Fever and cough are the most common presentation. Around 20% of patients can have severe disease and roughly 5% require intensive care admission. Around 2 to 10% of patients with COVID-19 had gastrointestinal symptoms such as diarrhea, abdominal pain, and vomiting.[14] [15]

Liver impairment has been reported previously with both SARS and MERS-CoV. Liver involvement was seen in 60% cases of SARS-CoV infection.[16] [17] Hepatic involvement was likely due to the cytopathic effect of the virus, as the reverse transcription–polymerase chain reaction showed SARS-associated coronavirus in liver tissue. Histopathology revealed proliferating cells, apoptosis ballooning of hepatocytes, and mild-to-moderate lobular lymphocytic infiltration.[18] Similarly, hepatic involvement was reported with MERS CoV infection.[19]

Multiple studies have reported the hepatic involvement in the COVID-19 disease. Liver damage is mostly transient and mild in patients with COVID-19 and can return to normal without any special treatment. Rare cases of severe acute hepatitis have been described in patients with COVID-19.[14] ACE2 is present in biliary and liver epithelial cells, explaining the involvement of the liver in the COVID-19 disease.[20] Though ACE2 expression is higher in cholangiocytes than hepatocytes, the most common laboratory abnormality is mild elevation of alanine transaminase and aspartate transaminase, indicating hepatocyte injury. Around 14 to 53% of cases had elevated alanine aminotransferase and aspartate aminotransferase during disease progression.[21] Elevated liver enzymes can be due to hepatocyte injury, myositis, myocardial injury, hypoxia, or side effect of various therapeutic agents. Patients with severe COVID-19 seem to have higher rates of liver dysfunction.[22] Yang et al reported a similar incidence of elevated liver enzymes in survivors and nonsurvivors.[23] Gamma glutamyl transferase (GGT) and alkaline phosphatase may be elevated in COVID-19 patients. GGT and alkaline phosphatase levels were found to be elevated in 30 (54%) and 1 (1.8%) of 56 patients with COVID-19, respectively.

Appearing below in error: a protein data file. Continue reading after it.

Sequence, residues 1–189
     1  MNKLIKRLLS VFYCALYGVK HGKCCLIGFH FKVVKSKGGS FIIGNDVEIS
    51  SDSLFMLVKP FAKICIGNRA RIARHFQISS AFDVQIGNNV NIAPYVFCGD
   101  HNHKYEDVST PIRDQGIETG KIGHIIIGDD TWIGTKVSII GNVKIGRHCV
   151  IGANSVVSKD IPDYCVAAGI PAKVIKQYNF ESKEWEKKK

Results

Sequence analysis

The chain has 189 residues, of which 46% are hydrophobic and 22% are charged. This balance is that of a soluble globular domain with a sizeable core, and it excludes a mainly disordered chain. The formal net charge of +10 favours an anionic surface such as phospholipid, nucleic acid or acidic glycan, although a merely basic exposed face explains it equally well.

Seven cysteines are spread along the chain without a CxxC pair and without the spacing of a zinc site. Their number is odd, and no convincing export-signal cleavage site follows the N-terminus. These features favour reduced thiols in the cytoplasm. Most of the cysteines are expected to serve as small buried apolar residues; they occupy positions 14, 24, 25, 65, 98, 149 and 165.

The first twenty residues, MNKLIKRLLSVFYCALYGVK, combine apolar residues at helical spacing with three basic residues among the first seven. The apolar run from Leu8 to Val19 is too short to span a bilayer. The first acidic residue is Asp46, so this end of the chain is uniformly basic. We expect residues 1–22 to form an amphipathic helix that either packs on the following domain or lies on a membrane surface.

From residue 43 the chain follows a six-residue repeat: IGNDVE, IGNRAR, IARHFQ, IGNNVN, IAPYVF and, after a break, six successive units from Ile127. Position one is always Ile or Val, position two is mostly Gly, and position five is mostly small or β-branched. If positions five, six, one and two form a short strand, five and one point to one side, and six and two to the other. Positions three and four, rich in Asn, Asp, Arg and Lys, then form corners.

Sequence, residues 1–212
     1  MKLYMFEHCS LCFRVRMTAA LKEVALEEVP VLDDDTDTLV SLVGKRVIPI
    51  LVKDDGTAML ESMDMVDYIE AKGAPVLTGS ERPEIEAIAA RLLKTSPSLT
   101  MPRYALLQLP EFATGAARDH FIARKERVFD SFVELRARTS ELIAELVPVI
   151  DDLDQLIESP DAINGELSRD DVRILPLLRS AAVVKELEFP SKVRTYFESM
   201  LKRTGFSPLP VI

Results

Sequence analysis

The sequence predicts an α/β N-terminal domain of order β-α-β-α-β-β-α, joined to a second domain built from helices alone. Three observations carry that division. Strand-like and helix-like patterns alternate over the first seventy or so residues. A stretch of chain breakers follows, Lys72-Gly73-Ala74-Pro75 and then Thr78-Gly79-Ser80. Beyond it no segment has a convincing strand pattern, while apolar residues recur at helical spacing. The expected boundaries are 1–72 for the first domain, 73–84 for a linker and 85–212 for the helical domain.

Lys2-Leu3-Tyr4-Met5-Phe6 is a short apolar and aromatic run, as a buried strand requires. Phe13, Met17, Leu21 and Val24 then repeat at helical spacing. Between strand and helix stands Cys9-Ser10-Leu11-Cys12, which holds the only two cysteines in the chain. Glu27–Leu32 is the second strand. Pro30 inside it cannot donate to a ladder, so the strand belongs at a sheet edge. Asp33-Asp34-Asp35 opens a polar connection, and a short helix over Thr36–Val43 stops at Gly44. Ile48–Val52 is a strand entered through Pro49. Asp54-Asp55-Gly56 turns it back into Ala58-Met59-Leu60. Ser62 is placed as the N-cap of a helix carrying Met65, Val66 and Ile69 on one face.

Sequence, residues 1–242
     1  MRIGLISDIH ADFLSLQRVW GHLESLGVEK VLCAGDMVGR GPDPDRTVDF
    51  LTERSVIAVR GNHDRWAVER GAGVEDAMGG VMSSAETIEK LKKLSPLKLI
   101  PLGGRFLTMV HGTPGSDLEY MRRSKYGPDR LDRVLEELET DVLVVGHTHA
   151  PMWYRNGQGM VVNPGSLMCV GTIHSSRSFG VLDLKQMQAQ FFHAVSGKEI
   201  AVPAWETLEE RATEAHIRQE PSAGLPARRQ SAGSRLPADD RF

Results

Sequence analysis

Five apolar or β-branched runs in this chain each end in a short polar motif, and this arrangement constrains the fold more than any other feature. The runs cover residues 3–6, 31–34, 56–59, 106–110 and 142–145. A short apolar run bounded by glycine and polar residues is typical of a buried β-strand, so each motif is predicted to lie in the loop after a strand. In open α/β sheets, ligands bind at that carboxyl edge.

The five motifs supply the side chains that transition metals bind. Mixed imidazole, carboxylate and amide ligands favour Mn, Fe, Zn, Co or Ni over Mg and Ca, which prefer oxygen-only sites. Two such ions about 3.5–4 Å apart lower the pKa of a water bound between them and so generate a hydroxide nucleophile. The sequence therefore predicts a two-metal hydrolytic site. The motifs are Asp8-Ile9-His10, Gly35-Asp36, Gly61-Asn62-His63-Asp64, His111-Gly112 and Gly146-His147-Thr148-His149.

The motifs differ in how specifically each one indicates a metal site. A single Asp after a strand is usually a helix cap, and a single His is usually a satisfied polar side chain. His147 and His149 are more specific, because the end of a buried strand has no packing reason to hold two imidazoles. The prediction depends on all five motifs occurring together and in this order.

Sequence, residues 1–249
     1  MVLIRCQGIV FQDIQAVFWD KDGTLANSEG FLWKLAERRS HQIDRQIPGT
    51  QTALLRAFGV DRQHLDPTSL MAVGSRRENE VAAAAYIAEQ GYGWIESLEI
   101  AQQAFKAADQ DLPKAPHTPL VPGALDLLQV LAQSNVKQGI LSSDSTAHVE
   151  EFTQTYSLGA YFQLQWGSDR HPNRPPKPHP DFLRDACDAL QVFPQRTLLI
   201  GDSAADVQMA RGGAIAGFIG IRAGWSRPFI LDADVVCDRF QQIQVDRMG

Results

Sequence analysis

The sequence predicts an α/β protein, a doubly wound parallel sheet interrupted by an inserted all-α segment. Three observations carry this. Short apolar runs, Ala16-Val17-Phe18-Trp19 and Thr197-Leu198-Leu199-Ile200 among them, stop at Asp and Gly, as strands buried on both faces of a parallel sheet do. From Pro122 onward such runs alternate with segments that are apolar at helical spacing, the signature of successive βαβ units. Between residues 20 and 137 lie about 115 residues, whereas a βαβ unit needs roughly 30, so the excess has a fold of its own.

Hepatic impairment in these patients can be multifactorial. Possible mechanisms are direct cytopathic injury by the virus, immune-mediated injury, cytokine storm, and drug-induced hepatotoxicity.

Exact outcome of COVID-19 in patients with an underlying liver disease is still not known.

Patients with an underlying liver disease may be affected with COVID-19. Whether hepatitis B and C predispose or protect against COVID-19 is unknown. Patients with nonalcoholic fatty liver disease due to underlying hypertension, diabetes mellitus, and obesity may be more prone to the severe disease. As cholangiocytes share the ACE2 receptor,[20] patients with primary biliary cirrhosis and primary sclerosing cholangitis may have aggravation of biliary injury after the COVID-19. In patients with autoimmune hepatitis who are on steroids and immunosuppression, behavior of COVID-19 is unknown. Whether COVID-19 will be more severe or can lead to a flare-up of autoimmune hepatitis is unknown.